Startups across Europe have been badly hit by the coronavirus pandemic — but reliable data on exactly what the impact has been, and how companies are trying to mitigate the effects of the crisis, is hard to come by.

Sifted found that in many countries in Europe, a large number of startups are using or plan to use job retention schemes to hang onto staff. We spoke to lawyers and VCs, who reckon that valuations at new funding rounds have dropped by 10-30%. And we’ve also looked into how certain sectors, like digital banks, have seen growth rates plummet during lockdown, while others, like sextech, have experienced a boom.

Now, a group of the UK’s most prominent VC firms have teamed up to gather further data about the impact Covid-19 is having on their portfolios. 750 companies were contacted, 200 replied. They were quizzed on the toll coronavirus is taking on various aspects of their business, from hiring to advertising spend to fundraising plans.

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The respondents ranged from pre-seed to Series C+ companies, in sectors including health to software-as-a-service to travel, with a variety of revenue models. Over 50% had at least 25 full-time employees pre-crisis, and 35% have raised more than £10m.

Find the full survey results here — or read on for our top takeaways.

60% have successfully renegotiated their workspace rent or are in the process of doing so

Coworking is one of the sectors expected to suffer a long-term, negative impact from the crisis. Not only are some tenants cancelling memberships (5.1% of startups surveyed) and other renegotiating contracts (14.9% of those surveyed), many companies are rethinking the value their office space brings altogether.

In March, a survey of over 14,000 coworking spaces in 172 countries worldwide by Coworker, a coworking marketplace website, found that 41% of coworking spaces have seen a negative impact on membership and contract renewals since the outbreak. 67% of spaces have experienced a drop in the number of new membership enquiries.

43% have stopped online advertising

To acquire new customers, startups usually spend vast sums on Google and Facebook advertising — but not for the foreseeable future.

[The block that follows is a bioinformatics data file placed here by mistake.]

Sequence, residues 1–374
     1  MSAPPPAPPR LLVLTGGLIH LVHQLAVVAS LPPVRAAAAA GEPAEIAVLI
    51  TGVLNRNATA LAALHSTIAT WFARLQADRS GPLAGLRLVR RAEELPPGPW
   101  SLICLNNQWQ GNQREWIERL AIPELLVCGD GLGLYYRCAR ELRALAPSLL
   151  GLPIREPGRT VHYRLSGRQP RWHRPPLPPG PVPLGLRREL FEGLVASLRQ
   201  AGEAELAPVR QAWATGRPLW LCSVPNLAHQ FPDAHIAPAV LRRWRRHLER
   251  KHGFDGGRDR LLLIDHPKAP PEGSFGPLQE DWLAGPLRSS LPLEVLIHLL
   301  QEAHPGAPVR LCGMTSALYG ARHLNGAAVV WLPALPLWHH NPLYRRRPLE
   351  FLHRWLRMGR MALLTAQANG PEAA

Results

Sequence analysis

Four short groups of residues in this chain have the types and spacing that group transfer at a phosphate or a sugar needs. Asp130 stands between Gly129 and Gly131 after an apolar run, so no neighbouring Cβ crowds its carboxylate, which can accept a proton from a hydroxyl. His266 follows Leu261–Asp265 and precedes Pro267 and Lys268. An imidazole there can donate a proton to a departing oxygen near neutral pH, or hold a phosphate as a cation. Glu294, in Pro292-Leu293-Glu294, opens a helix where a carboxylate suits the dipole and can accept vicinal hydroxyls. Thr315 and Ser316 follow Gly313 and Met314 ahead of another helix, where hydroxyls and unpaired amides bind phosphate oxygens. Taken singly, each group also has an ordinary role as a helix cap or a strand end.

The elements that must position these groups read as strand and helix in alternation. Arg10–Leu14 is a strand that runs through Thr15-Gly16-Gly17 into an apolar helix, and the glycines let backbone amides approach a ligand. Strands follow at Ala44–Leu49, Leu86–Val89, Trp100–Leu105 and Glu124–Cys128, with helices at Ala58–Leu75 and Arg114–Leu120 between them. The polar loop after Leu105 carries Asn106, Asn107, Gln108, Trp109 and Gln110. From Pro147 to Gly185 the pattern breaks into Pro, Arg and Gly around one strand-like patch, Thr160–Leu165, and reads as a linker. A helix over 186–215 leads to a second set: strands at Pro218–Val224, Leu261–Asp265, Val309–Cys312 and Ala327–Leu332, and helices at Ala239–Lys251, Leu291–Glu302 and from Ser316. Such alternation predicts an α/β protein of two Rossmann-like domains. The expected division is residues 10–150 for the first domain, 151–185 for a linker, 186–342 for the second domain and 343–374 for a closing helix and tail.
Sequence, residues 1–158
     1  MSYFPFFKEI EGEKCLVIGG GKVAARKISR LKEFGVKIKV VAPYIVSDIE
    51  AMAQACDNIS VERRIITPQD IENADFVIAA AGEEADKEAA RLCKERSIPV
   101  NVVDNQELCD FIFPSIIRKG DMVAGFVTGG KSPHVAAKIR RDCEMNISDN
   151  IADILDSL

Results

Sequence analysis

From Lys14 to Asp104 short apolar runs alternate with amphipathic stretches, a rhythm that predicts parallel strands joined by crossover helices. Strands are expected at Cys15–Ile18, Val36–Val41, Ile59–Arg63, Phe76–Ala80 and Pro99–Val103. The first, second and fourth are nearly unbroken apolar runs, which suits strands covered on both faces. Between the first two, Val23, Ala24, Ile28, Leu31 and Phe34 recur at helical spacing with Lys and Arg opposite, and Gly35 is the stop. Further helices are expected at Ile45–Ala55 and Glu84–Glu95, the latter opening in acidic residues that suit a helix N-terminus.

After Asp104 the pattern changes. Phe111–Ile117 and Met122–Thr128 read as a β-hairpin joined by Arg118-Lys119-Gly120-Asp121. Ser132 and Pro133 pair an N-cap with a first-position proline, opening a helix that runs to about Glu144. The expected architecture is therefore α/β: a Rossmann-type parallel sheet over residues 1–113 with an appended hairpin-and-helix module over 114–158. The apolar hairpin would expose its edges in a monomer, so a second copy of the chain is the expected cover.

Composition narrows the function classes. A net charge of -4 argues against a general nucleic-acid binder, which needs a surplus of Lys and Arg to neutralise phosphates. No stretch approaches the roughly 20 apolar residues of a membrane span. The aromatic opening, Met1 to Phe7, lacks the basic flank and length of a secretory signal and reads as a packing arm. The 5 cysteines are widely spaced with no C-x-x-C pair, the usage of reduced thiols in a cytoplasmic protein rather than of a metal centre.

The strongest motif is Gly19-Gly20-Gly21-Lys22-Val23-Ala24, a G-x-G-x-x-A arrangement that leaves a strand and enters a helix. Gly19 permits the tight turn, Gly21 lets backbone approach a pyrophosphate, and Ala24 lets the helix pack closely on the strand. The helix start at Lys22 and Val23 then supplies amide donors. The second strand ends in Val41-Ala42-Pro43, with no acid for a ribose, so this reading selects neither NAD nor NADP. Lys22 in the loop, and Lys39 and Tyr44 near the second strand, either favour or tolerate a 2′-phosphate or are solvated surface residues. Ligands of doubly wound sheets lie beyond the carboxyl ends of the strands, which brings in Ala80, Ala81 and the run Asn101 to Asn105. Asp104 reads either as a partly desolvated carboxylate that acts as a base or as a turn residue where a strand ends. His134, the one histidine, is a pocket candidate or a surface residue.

It’s not just marketing budgets that have been cut, either; marketing teams are often first on the list to be furloughed, recruiters and employment lawyers told Sifted.

30% of startups have cut salaries across the company by at least 15%

When it comes to staff, 16% of startups have committed to laying off at least 10% of their full-time employees.  Furloughing, a less dramatic path, is a more popular option: 26% have committed to temporarily laying off at least 10% of their staff.

Doubts remain about how many startups will be able to bring staff back once job retention schemes end, however.

Alongside layoffs and furloughing, 30% of startups have made salary cuts of at least 15%.

49% of respondents have frozen hiring, another 32% have slowed hiring

In March, the number of job postings and offers via startup and developer job sites dropped off — and the slump continues.

Otta, a UK startup hiring platform, has seen new job openings drop 43% over the past 45 days, with recruitment and HR roles disappearing entirely. At the same time, Otta has seen candidate numbers double.

A small number of companies, mostly those experiencing a boom due to the crisis, are hiring more than planned. (For a list of which startups are still hiring, see here.)

68% of respondents expect full-year revenues to drop more than 25%

The reason for all of these drastic cuts? Revenue dropping off a cliff.

Startups are drastically revising their revenue expectations for the year, with more than two-thirds expecting drops of 25% or more.

39% of business-to-consumer startups have seen March revenues drop by over 50%, compared to 18% of business-to-business startups

So far, business-to-consumer startups have seen revenues impacted more than business-to-business startups — but this is a result of a time-lag and will even out eventually.

40% assess their runway at less than a year (but a fair few reckon they have 18 months +)

Many startups have a short cash runway — and this is always the case, crisis or no crisis. However, with revenues slowing and investors looking more cautious than they have been over recent years, having a short runway is a more worrying position to be in.

But, on the bright side, plenty of companies are flush with funding: 60% have more than a year’s worth of runway.

33% don’t believe they’d qualify for any loan though they may be interested

The UK’s Coronavirus Business Interruption Loan Scheme (CBILS) has not been quite the lifeline many expected it to be when it was first announced in March. At last count, less than half of applications made had been approved.

According to the LocalGlobe survey, 33% of startups don’t think they would quality for the scheme anyway.

41% are considering venture debt

For startups expecting it to be hard to raise their next round of funding and struggling to access government support schemes, there is another option: venture debt. While 13% of companies would prefer to avoid it, 41% are considering it. (Here’s what founders need to know about venture debt before taking it on.)

Finally, questions around people and cash flow are top of mind

Startups have two concerns front and centre: how to best look after and manage teams during lockdown, and how to manage cash flow during the downturn. For tips on the latter, read this.

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